Why is dialogue on performance challenging?

Scholars have argued that public organizations use performance information mainly for advocacy and lack the ability to engage in goal-based learning (Moynihan, 2005) and that the instrumental use of performance information (i.e., a direct link between measurement and judgment) happens only rarely (e.g., Pollitt, 2006; Van Dooren and Van De Walle, 2008).

When the direct link from performance information to decision-making is missing, interpretation and discussion are needed. Therefore, performance measurement literature, has focused increasingly on interpretative processes and organizational learning (Moynihan and Landuyt 2009; Rashman et al. 2009) and highlights the social nature of performance management (Bititci et al. 2012).

******************

This new and more social form of performance management necessitates performance dialogue where participants jointly interpret performance information and discuss it while recognizing the actions needed to manage the performance according to this information (Rajala et al., 2018).

Despite suggesting dialogue to remedy difficulties in performance information use, performance management literature has not addressed the specific challenges of performance dialogues. Nor is there much empirical research on the challenges inherent in such dialogue.

This is a knowledge gap our recent paper aims to fulfill by answering the research questions: What challenges are related to performance dialogue? How do they differ from known problems in using performance information?

The aim was to ascertain whether performance dialogues can solve the challenges of performance information use as suggested by the previous literature (cf. Moynihan, 2005; Laihonen and Mäntylä, 2017).

******************

Unfortunately, such was not the case in the organizations studied.

We found that performance dialogues suffered from the challenges typical of dialogues, which implies that performance dialogues are no miracle cure for problems in performance information use.

The second major implication of the study concerns the relationships and mechanisms of challenges in performance information use.

Much scholarly effort has been invested in distinguishing analytically between the reasons for complications in performance information use. However, in our qualitative study we saw that in performance dialogues these reasons intermingle.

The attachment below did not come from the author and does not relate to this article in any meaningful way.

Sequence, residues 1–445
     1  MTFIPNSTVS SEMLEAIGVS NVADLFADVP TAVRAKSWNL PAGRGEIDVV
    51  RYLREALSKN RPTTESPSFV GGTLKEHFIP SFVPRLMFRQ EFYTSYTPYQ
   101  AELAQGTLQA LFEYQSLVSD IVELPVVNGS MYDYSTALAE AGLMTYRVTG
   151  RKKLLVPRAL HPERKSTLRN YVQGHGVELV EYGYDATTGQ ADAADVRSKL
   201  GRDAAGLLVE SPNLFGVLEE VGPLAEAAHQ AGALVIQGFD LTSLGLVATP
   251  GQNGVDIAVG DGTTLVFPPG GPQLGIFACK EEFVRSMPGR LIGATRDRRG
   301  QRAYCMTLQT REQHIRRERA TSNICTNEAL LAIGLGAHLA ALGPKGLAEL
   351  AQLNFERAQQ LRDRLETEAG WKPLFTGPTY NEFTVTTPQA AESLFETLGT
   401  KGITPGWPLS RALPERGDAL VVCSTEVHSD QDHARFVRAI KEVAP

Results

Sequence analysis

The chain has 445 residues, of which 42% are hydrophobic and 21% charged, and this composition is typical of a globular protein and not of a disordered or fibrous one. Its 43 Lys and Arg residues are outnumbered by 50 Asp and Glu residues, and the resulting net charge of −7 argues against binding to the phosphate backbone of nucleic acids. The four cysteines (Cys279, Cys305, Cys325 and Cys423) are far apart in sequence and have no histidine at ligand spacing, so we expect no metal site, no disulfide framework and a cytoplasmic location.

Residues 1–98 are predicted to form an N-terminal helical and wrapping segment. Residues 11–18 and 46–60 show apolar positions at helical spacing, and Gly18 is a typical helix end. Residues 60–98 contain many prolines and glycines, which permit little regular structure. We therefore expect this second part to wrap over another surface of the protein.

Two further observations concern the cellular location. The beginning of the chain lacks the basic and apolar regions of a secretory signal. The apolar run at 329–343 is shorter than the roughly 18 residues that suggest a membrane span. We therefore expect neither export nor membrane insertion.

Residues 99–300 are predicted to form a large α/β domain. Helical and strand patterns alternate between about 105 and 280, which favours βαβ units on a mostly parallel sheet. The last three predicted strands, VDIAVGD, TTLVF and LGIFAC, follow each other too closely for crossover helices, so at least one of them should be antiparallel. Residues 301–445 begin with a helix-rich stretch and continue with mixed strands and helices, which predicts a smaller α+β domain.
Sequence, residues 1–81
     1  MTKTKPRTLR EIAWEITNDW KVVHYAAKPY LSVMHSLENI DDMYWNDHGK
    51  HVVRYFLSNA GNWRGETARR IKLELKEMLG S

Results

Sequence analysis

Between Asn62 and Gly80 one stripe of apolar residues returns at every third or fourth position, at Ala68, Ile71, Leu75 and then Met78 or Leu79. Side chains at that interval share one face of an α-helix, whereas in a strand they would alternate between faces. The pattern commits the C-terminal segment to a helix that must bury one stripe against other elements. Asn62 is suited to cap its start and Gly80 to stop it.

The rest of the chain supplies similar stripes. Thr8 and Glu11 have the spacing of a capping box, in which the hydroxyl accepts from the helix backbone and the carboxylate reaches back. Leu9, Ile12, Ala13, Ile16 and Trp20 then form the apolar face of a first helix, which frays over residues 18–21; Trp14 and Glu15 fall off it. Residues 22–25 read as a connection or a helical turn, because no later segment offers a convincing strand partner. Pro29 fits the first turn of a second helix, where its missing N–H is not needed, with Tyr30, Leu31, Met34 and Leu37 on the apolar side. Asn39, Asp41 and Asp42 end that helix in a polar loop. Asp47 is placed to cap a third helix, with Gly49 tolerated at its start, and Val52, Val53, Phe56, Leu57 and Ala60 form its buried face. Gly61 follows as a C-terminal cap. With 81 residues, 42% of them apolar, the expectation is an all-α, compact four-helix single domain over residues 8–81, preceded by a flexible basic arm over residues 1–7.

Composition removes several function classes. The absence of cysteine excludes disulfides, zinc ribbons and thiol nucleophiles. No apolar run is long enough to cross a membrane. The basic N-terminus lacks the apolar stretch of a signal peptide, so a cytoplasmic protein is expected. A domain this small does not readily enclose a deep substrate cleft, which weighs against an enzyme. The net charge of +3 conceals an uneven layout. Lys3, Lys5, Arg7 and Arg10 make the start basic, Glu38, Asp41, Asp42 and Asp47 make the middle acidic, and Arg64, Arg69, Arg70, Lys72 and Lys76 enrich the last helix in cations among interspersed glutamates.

A specific challenge may actually be a combination of multiple challenges and be perceived and described in various ways depending on the viewpoint taken. Failure to perceive and analyze these relationships pertaining between the challenges will result in oversimplification and erroneous perceptions.

******************

To answer the question set in the title, our main finding was that mental models, motivation, power, organizational culture and structure, and social rule system are factors causing challenges for performance dialogues in studied organizations.

Individuals can be motivated to perform certain acts of power that cause troubles for the performance dialogues. However, it is the organizational culture that reveals which of these harmful practices are socially condoned and legitimized within the organization.

Organization culture can enable and even encourage destructive behavior that ruins the efforts to conduct performance dialogues. Organizational structure and social rule system can also enable and even trigger these harmful practices of individuals.

Read more:

Rajala, T., Laihonen, H., Haapala, P. (2018), “Why is dialogue on performance challenging in the public sector?”, Measuring Business Excellence, 22(2), 117-129.

Advertisements

Leave a Reply

Fill in your details below or click an icon to log in:

WordPress.com Logo

You are commenting using your WordPress.com account. Log Out /  Change )

Google+ photo

You are commenting using your Google+ account. Log Out /  Change )

Twitter picture

You are commenting using your Twitter account. Log Out /  Change )

Facebook photo

You are commenting using your Facebook account. Log Out /  Change )

Connecting to %s